How can you bear our wastefulness?
How can you bear our greed?
How can you bear our selfishness?
How can you bear our hate?

How can you bear our ignorance?
How can you bear our pride?
How can you bear our foolishness?
You weep in us all, and wait. 

How can you bear our bitterness?
How can you bear our strife?
How can you bear our wickedness?
How can you bear our sin?

How can you bear our cruelty?
How can you bear our wars?
How can you bear our lovelessness?
You weep, Lord, and wait within. 

The LORD must wait for you to come to him
so he can show you his love and compassion.
(Isaiah 30:18; NLT).

You are the temple of the living God.
(2 Corinthians 6:16; NKJV).

Thank you

Context: Yesterday I went to watch my grandson have his riding lesson. This brought back memories from so long ago that they seemed to come from a previous life, when I was able-bodied. However, it is God who gives and takes away, so I’m entirely happy to be as I am now.

Naked I came from my mother’s womb, and naked I will leave this life. The Lord gives and the Lord takes away. Blessed be the name of the Lord.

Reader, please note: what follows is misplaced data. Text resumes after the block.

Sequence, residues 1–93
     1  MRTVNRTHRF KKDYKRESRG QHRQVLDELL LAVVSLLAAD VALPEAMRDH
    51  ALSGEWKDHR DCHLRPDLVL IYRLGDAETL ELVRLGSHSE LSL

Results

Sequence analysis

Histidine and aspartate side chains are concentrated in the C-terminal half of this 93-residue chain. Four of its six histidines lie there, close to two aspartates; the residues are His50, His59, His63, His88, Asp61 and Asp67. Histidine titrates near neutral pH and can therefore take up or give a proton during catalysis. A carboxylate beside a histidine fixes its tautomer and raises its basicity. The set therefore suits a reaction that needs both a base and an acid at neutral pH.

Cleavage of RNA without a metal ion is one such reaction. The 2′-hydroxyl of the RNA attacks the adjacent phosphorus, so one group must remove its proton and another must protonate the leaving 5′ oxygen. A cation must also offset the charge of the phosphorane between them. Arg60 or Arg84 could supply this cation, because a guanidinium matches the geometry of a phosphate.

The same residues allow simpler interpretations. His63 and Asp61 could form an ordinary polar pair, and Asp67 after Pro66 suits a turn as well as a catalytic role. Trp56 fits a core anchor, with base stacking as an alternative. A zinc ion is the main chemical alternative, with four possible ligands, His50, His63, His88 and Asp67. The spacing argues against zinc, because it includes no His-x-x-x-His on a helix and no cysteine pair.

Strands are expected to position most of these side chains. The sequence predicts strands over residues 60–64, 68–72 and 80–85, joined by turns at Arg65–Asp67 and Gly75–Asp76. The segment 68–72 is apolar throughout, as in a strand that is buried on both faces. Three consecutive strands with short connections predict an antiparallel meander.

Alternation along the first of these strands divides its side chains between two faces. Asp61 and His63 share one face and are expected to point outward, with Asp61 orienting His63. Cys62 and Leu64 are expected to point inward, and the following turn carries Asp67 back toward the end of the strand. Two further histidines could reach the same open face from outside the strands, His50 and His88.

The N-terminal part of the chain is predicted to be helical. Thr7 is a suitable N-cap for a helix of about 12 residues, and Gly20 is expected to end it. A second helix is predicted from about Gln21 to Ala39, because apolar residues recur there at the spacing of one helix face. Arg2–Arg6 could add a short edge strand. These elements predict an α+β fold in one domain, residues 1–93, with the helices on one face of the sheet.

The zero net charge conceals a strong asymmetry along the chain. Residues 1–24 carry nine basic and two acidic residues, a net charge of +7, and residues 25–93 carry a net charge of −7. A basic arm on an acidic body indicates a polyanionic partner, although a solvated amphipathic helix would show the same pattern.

(Job 1:21; CSB). 

Thank you, Lord, for all you send,
For all you share, and all you lend;
For all you do, and all you make –
For all you give, and take.

Thank you, Lord, for life and breath,
For joy and pain, for birth and death;
For Christ, who came to set us free –
For loving even me.

Thank you, Lord, beyond all time,
For I am yours, and you are mine,
And though you wound me, yet you mend –
And always, Lord, defend.

For he wounds, but he also binds up;
he injures, but his hands also heal.
(Job 5:18; NIV). 


The angel of the LORD is a guard;
he surrounds and defends all who fear him.
(Psalm 34:7; NLT). 

Lord Jesus

Context: Today I will be setting out on my first long journey since before the start of the covid pandemic. It will take me two days to reach Ely, in the UK, where I will spend time with my family. This trip is going to be a huge physical and emotional challenge, as my health, energy, strength and mobility have deteriorated a lot since my last visit early in 2020, just before the arrival of covid and the first UK lockdown.

If you cling to your life, you will lose it;
but if you give up your life for me, you will find it.
(Matthew 10:39; NLT).

My hope, my faith,
My light, my truth;
My joy unborn,
My sacred thorn:
Lord Jesus.

My pain, my grief,
My love, my life;
My gain, my loss,
My way, my cross:
Christ Jesus.

Then he said to the crowd, “If any of you wants to be my follower, you must turn from your selfish ways, take up your cross daily, and follow me.”
(Luke 9:23; NLT).